October 1, 2001

TT #25 Bounder and Tow Car Electrical Problems

By: Rob Lowe

Technical Tips #25 


Bounder and Tow Car Electrical Problems

A reader wrote that his 1996 Bounder four way hazard flasher works for about five minutes then quits. The solution is replacing a blown fuse, which he has done five times. When this situation occurs he has no brake or signal lights on either the Bounder or the tow car. This nagging problem has forced him to refuse to use the hazard warning lights. He questions whether the problem is the flasher or what?

My experience with the four-way or hazard warning flashers on the Bounder is that the addition of a tow car to the Bounder adds too many lights for the power supply fuse to handle. If the flasher quits or overheats then the flasher is the problem and a Heavy Duty or Electronic Flasher is the solution. However given his experience there are two solutions. The reason the fuse blows after a period of time is that the current draw increases to the point that the fuse overheats and blows. On the Bounder, activating the hazard flasher results in flashing four to six front signal lights (including body side flashers) and four rear bulbs. On the tow car an additional two to six bulbs are flashing. The current draw is about 1.5 amps per bulb or 15 to 24 amps depending on the number of bulbs. Add some resistance in 50 feet of wire and this will often exceed the fuse rating. The reader's situation indicates that the current draw is "on-the-line".

The first area to check is the ground connection at the tow car. Usually the harness is relatively thin wire that is grounded at the rear of the car in the trunk area near the taillights. This adds an additional 20 feet of wire with resistance into the circuit. Check the ground connection where it is enters the tow car body. In the typical four wire harness, the wire colors are White: Ground, Green: Right Signal & Brake, Yellow: Left Signal & Brake and Brown: Taillights. If the ground connection on the Tow Car is not clean and shiny and firmly connected to a clean (no paint) portion on the car body then there will be higher resistance. I recommend connecting the ground to the Tow Car body at the front as soon as possible after it enters the tow car, as well as a good connection at the rear. The tow car body then provides a good ground. Thoroughly clean the tow car plug and the Bounder socket, since it is the metal shell that provides the ground. If your tow car has a jumper cable with dual plugs for connection to the Tow Car and the Motorhome, thoroughly clean both plugs. While checking the sockets make sure that all the pins are clean and shiny. With all power off, lightly scrape each pin using a small file or sandpaper to clean each one, and then coat with di-electric grease available at auto parts stores. (This grease is often used for lubricating ignition-wiring connections).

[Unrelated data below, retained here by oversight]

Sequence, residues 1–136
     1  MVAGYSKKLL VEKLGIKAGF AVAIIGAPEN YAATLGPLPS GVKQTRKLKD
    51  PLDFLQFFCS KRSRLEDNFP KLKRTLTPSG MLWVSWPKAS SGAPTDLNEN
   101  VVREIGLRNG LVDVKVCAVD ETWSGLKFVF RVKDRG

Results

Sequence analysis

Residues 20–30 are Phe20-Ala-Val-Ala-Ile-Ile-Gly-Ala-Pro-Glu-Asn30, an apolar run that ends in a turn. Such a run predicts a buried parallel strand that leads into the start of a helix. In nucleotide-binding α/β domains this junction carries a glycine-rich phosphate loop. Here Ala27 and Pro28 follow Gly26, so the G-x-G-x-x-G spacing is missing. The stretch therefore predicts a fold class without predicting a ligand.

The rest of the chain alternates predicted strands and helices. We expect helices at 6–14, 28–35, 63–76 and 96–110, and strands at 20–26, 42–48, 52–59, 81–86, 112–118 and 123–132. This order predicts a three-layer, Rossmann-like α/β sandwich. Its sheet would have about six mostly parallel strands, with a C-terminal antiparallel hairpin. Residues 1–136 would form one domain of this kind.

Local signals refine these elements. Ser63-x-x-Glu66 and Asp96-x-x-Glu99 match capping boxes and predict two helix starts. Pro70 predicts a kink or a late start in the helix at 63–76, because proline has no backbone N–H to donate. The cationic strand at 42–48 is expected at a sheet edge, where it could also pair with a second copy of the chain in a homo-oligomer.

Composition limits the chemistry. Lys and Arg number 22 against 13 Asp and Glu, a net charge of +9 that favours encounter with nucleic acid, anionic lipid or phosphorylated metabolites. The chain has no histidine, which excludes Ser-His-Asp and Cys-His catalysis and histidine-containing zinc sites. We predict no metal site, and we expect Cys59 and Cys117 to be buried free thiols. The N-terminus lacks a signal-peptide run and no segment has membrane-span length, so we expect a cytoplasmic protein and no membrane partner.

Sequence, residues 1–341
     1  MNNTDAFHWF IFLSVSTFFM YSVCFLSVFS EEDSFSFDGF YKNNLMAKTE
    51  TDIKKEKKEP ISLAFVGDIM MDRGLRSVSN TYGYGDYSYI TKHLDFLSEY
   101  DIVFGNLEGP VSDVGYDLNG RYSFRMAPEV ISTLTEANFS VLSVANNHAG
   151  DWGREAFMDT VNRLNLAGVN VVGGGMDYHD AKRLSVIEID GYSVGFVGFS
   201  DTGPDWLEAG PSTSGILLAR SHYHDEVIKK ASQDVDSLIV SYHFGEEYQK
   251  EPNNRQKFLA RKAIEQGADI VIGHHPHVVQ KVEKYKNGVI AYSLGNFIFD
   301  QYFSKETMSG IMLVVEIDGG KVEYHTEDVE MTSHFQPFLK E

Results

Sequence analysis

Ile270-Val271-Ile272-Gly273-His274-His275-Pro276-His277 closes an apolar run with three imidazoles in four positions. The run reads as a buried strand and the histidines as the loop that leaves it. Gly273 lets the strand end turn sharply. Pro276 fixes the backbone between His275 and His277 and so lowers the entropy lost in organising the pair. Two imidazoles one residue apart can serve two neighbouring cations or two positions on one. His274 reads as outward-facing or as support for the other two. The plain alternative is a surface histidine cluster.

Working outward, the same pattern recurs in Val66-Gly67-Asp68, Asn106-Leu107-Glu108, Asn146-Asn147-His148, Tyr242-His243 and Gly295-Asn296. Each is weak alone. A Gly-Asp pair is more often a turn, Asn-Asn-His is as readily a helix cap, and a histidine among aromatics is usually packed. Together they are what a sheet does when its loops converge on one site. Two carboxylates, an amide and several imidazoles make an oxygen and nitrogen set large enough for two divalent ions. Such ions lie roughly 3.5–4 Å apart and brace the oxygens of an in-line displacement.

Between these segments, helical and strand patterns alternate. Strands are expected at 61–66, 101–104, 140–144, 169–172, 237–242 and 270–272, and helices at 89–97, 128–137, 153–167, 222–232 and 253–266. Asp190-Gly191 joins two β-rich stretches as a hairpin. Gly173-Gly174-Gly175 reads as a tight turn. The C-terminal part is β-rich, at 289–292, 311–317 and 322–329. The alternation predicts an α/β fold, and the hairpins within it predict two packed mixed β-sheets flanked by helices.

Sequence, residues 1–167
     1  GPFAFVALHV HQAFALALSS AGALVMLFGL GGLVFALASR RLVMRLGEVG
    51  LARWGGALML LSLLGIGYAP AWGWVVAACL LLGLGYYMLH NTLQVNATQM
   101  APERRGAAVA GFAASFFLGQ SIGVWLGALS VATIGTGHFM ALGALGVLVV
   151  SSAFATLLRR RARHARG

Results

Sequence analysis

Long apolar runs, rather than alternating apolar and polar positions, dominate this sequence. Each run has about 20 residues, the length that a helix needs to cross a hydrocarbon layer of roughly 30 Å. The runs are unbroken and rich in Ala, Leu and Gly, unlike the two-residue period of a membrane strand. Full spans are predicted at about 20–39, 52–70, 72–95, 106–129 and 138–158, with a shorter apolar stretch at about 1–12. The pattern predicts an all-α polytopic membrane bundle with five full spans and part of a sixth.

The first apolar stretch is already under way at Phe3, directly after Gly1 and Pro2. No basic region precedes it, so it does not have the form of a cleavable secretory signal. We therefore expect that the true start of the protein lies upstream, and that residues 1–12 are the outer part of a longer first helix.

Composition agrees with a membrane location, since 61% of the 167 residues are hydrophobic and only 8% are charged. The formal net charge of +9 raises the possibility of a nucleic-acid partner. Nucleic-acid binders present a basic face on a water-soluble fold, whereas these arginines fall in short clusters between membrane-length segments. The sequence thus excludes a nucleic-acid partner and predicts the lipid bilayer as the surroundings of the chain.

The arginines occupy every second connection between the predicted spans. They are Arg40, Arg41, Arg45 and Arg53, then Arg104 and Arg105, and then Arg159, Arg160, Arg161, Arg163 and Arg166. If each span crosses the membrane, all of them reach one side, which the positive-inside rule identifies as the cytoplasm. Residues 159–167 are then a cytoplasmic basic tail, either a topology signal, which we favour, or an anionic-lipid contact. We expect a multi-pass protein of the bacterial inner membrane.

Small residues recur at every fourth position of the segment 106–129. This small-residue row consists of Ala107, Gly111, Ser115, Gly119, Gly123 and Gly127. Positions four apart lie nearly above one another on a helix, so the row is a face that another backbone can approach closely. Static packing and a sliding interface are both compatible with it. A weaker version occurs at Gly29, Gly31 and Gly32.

In addition to checking the wiring to the tow car, ensure that each lamp connection to the harness is solid. Many installations use wiring clips clamped over the car wiring. These can create problems because they do not make a good solid connection, but they work and they allow a quick installation. The best method is a proper soldered wire to wire joint.

These inspections and changes recommended should solve the fuse burnout problem. If the fuse that burns out is a 15-amp and you have determined that the current draw based on the number of bulbs being flashed is above that, then install the next larger fuse (20-amp). If it is a 20-amp then go to a 25-amp. Any serious short will still blow the fuse, providing adequate wiring protection, but there will be a little higher tolerance when towing. In no case should a fuse exceeding 25-amp be installed.

One additional benefit is that the tow car tail and signal lights will be brighter with a good ground. I experienced a similar fuse-blowing situation with the running and clearance lights when towing and lost all exterior lamps and the dash lights. I did the math and discovered that the addition of the tow car tail and license plate lights added too much draw to the motorhome (calculate about 3/4 to 1 amp per bulb). I replaced the 15-amp fuse with a 20-amp and continue to clean the ground connection, with no further problems. I can tell immediately when the ground connection (at the plug into the motorhome) needs to be cleaned when I hook up the tow car and test the taillights and the four way flashers together. The taillights become very dim, and almost die out when the higher current flashers operate. Cleaning the plug solves the problem.


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